December 1972 | Volume 24, Issue 1
Oliver Wendell Holmes, father of the famous Supreme Court justice, was not only a renowned professor of anatomy at Harvard but by popular acclaim the genial poet laureate of Boston, which he preferred to call “the hub of the solar system.” Despite his usual good humor, Holmes was an aggressive Unitarian and spent much time assaulting the Puritan theology of his forebears. He was also fond of horses and carriages; and when, in 1858, he sat down to write a burlesque of the relentless logic by which such a divine as Jonathan Edwards had defended orthodox Calvinism, he decided to make a “one-horse chaise” the vehicle of his satire.
The result, which appeared in the September issue of The Atlantic Monthly , was “The Deacon’s Masterpiece, or, the Wonderful One-Hoss Shay: a Logical Story.” The poem has been popular ever since, and at least until recent times was a favorite with elementary school teachers, who found that children liked its clip-clop rhythm and its humor even if they failed to absorb the theological implications. There was something very funny about “the wonderful one-hoss shay,/That was built in such a logical way/It ran a hundred years to a day,/And then, of a sudden, it …”—but you had to read to the end of the poem to find out what it did all of a sudden.
Along the way, from stanza to stanza, there were delightful touches as Holmes described the Deacon’s meticulous choice of materials and his construction of the marvellous shay, which was finished in 1755:
The Deacon’s theory, simply put, was that all previous chaises had a weak spot somewhere:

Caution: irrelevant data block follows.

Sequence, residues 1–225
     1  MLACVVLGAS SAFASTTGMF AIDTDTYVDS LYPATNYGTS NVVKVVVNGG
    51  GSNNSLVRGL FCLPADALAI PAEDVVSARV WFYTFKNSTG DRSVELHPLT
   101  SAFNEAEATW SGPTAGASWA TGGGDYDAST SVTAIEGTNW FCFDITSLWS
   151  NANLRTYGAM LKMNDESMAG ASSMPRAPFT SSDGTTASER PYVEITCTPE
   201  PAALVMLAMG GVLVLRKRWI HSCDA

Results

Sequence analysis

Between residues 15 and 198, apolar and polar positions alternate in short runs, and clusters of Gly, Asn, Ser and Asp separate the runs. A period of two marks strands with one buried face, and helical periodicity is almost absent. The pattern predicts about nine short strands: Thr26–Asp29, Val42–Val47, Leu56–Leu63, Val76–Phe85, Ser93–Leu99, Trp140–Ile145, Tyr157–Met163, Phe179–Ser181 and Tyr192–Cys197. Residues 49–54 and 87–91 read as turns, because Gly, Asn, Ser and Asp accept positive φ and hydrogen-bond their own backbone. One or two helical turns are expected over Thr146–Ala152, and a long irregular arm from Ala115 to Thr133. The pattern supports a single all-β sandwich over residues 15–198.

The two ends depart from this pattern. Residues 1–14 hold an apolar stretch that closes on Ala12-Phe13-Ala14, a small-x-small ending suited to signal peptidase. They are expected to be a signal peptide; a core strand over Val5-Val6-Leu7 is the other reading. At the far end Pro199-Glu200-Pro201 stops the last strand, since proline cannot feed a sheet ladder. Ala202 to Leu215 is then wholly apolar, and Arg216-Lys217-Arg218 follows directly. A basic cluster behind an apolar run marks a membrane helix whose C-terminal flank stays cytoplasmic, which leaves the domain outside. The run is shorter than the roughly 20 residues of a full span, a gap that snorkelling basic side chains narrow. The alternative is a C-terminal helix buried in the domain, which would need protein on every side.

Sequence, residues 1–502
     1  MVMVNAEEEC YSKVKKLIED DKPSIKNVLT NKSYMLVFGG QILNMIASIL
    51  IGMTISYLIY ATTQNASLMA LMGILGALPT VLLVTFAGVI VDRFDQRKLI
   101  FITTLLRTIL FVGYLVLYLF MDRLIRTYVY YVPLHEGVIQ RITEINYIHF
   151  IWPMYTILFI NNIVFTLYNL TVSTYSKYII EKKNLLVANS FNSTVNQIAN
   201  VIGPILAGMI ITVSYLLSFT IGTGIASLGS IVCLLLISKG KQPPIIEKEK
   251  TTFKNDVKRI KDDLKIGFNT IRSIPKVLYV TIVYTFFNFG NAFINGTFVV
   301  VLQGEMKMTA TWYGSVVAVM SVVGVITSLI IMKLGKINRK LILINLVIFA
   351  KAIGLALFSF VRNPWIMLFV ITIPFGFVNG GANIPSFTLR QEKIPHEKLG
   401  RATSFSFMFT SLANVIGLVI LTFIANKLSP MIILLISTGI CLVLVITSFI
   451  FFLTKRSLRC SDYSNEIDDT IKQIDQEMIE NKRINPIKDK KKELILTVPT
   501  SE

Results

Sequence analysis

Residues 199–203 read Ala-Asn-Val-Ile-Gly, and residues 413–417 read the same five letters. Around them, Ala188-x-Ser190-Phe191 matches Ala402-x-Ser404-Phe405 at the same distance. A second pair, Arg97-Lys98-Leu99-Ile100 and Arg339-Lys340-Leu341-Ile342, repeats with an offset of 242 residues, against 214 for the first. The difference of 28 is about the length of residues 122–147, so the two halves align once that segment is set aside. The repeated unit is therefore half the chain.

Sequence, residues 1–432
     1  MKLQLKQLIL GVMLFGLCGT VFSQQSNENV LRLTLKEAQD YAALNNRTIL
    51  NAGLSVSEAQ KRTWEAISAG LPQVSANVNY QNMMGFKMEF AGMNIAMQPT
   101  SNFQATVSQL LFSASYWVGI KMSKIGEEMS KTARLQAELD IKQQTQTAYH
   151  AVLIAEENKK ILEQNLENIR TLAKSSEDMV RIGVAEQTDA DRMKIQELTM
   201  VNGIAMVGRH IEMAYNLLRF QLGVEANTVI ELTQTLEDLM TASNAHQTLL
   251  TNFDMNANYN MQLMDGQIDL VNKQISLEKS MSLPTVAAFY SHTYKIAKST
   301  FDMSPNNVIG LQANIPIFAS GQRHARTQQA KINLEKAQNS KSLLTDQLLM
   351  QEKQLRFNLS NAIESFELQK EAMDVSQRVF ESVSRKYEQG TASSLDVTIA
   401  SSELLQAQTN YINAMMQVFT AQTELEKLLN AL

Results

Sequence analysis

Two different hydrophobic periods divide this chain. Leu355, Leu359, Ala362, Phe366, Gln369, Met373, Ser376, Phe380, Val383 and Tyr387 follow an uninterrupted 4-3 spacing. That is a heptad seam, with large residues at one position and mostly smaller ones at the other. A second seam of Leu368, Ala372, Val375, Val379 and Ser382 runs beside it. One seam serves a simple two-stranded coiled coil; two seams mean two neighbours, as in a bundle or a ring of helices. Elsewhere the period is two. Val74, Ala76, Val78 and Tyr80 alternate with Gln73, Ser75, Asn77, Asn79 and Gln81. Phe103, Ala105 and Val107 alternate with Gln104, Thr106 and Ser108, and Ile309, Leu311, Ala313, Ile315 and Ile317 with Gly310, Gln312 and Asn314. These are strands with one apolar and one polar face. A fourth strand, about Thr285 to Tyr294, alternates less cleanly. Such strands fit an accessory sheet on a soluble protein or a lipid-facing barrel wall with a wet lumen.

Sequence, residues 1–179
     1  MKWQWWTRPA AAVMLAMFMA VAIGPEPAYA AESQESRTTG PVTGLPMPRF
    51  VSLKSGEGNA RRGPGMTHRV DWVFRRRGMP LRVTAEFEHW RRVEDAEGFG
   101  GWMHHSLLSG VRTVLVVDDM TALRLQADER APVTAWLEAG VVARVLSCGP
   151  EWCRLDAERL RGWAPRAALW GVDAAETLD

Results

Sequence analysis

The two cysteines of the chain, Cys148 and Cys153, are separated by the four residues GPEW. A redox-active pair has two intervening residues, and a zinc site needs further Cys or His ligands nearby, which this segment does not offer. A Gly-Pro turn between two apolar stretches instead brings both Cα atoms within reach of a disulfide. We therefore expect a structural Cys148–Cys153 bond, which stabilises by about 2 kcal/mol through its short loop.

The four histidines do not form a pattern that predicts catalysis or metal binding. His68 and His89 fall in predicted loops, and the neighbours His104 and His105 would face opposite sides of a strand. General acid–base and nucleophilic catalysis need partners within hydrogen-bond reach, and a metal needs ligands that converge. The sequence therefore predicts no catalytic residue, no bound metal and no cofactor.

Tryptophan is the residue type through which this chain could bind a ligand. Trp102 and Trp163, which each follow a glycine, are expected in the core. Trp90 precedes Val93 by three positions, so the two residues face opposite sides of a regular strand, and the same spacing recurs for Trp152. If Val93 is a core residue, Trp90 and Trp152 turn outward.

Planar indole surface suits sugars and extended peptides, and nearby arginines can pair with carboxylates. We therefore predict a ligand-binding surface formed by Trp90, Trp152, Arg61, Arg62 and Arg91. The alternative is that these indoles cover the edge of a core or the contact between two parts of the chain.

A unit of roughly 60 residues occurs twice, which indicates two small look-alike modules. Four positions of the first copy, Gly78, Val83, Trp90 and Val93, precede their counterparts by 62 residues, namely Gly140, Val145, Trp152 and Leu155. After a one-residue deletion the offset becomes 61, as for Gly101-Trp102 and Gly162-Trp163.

The solution was equally simple:
So the very best of everything went into the one-hoss shay, without a single detail skimped on:
And do she did, for a whole century, while “Deacon and deaconess dropped away,/Children and grandchildren—where were they?/But there stood the stout old one-hoss shay/As fresh as on Lisbon-earthquake day! ”
And then comes the great finale:
Holmes demonstrated in the poem that he knew a great deal about the construction of carriages; but the modern reader is still left to guess at just what the one-horse chaise looked like. Mr. Charles R. Morris, president of the historical society of Milton, Massachusetts, has done some research on this point and has sent us the picture shown on the opposite page—an authentic “reconstruction “of the wonderful one-hoss shay. It seems that a carriage-builders’ trade journal, The Hub , republished Dr. Holmes’s poem in March, 1871, together with this illustration. The editor, George W. Houghton, had sent a preliminary sketch to Holmes for his approval. After some discussion the sketch was made into an engraving for the trade journal, where it drew much interest from professional readers.
Holmes followed this up with a complimentary letter to the editor, which was published on May 15, 1871:
I have often looked over the numbers of The Hub with much interest, and been struck with the intelligence brought to bear, in the literary form, on a calling at first sight belonging to the workshop rather than the editor’s table. The last number you sent me, with the Deacon’s remarkable one-horse vehicle, illustrates still further the taste and skill brought to bear in your publication. I may be pardoned for saying a word in favor of the old “shay,” which is evidently a careful and conscientious study from past fabrics of aspect similar to that which I have described. The parson’s horse is not exactly ewe-necked , as I described him, and is a little below the clerical standard which I had in my head, but I am afraid that very good men have sometimes been drawn by animals not much better to look at, nor much better groomed. …
I am, yours very truly, O. W. H OLMES